local-search-0.0.7: Generalised local search within Haskell, for applications in combinatorial optimisation.

Control.Search.Local.Distributions

Description

Selection routines have been made generic through the `select` and `select'` functions, which are parametrised by probability distributions. This module provides functions for constructing and manipulating some example probability distributions.

Synopsis

# Types

type Distribution = [Double]Source

The data type for a discrete probability distribution.

The number of elements being selected between will often vary (such as in improving neighbourhoods), so it will often be necessary to construct distributions with some constant properties, but varying the length.

# Distributions

Parametrised as follows;

1. mean
2. standard deviation
3. size

The function generates the CDF of a Normal distribution, using the mean and standard deviation, over the range of discrete values [0 .. size]. The result is processed by the `fixEnd` function, so the final entry in the distribution is always 1. Over larger enough values of size this should be fine.

Parametrised as follows;

1. mean
2. size

This function generates the CDF of a Poisson distribution with the specified mean, over the range of discrete values [0 .. size]. This function includes a call to `fixEnd` so that the final value of the distribution is always 1.

A function to generate a Uniform distribution CDF over the range [0 .. size]. For safety this includes `fixEnd`, though this should have no effect.

It is more likely that when always choosing the first element of list of choices `head` will be employed, but this has been included for completeness. This is a CDF.

Like `firstChoice` it is more likely that `last` will be used for this effect. This is also a CDF.

# Distribution Manipulation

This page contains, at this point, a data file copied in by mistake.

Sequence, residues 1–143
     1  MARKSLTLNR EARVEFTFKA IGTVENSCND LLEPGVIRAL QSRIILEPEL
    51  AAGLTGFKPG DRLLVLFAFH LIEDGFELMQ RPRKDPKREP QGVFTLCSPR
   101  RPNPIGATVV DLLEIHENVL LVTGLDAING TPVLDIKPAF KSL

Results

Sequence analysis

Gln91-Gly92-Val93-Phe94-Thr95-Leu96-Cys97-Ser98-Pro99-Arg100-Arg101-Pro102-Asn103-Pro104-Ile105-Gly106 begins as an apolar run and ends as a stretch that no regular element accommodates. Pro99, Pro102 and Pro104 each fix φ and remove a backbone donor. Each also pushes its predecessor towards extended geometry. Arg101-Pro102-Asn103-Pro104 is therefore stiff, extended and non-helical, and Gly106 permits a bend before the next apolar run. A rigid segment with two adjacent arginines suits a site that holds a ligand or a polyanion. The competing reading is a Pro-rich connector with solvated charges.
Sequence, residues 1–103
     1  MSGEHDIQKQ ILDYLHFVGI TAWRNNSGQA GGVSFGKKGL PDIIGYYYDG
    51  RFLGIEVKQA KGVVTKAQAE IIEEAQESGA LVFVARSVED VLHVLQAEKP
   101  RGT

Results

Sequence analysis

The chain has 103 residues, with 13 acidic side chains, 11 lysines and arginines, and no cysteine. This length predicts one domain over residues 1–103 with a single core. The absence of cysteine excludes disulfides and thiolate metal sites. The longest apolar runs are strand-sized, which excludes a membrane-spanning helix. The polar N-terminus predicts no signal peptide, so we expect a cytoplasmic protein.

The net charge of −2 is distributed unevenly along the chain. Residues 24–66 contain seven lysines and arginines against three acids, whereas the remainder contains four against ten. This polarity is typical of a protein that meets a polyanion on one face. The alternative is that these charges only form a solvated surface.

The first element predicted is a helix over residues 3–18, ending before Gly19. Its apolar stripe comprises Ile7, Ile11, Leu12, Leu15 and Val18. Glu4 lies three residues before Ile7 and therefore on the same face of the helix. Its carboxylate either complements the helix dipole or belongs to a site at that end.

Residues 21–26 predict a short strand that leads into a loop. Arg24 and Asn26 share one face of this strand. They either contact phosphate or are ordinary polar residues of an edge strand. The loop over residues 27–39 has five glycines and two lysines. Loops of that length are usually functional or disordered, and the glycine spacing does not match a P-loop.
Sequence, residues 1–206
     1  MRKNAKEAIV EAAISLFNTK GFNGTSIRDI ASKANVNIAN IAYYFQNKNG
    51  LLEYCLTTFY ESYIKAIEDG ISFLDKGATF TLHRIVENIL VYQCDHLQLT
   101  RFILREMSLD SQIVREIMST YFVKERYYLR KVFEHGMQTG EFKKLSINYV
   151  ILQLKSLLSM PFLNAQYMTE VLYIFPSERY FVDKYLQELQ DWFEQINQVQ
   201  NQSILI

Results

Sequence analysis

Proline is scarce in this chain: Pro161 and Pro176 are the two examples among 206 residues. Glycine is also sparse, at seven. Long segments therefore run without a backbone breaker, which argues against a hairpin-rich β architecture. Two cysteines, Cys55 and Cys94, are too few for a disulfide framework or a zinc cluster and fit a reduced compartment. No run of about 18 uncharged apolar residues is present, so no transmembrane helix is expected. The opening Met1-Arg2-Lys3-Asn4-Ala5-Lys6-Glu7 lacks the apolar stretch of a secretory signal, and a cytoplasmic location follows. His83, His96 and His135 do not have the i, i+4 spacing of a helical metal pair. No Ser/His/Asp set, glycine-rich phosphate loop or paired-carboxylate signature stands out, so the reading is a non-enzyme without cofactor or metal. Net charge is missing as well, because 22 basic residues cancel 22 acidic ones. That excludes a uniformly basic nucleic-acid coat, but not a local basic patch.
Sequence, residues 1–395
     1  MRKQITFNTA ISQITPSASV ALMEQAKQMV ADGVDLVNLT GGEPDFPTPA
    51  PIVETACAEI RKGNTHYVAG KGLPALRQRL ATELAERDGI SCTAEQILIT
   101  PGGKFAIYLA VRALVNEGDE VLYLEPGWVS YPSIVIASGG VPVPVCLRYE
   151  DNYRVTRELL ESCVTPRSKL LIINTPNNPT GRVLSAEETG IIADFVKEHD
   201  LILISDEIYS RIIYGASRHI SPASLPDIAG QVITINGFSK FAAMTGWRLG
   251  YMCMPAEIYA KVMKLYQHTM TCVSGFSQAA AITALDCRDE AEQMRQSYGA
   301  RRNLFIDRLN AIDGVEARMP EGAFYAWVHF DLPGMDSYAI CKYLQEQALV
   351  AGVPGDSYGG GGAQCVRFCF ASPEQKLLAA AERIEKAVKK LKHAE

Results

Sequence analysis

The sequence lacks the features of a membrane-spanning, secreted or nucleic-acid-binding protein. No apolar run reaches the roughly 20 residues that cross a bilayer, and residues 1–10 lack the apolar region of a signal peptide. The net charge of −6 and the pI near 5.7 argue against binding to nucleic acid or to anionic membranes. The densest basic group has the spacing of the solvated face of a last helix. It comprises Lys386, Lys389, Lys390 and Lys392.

To enable the construction of more exotic distributions from existing distributions. The basic function combines them with equal weight on each component. For example;

``` addDistributions [[0,0.5,1],[1,1,1]] = [0.5,0.75,1]
```

Compare this with `addDistributions'`.

addDistributions' :: [Double] -> [Distribution] -> DistributionSource

A more flexible variation upon `addDistributions` which allows the programmer to specify the weights to merge the distributions with. For example;

``` addDistributions [0.3,0.7] [[0,0.5,1],[1,1,1]] = [0.7,0.85,1]
```

Combines `DistributionMaker`s. This combines them with equal weighting.

Combines `DistributionMaker`s but weights each one.

# Helper code

This is parametrised as follows;

1. mean
2. k

The function generates the probability of element k being chosen from a Poisson distribution with the specified mean.

This is quite a slow function and should probably be memoized in the future.

The basic CDF functions (e.g. `poissonCDF'`) often do not yield complete CDFs. The distributions that are produced tend to 1 in the last position of the list, but do not actually get there. For these to be used practically, the last value of the list should be replaced with 1. This is a bodge, but under most circumstances should not adversely effect results.

Parametrised as follows;

1. mean
2. standard deviation
3. size

The function generates the CDF of a Normal distribution, using the mean and standard deviation, over the range of discrete values [0 .. size]. This function is raw, and does not use `fixEnd`.

Parametrised as follows;

1. mean
2. size

This function generates the CDF of a Poisson distribution with the specified mean, over the range of discrete values [0 .. size]. This function gives the raw distribution.

The raw Uniform distribution without using `fixEnd`.

# Debug code

A function included for debug purposes. I expect that many users will be more comfortable using CDFs, but happier thinking in terms of PDFs. Use in conjunction with `distribution2SVG` to see what a distribution looks like.

A function included for debug purposes, to allow a user to visualise a distribution. It generates a string, which can be stored in a file as SVG.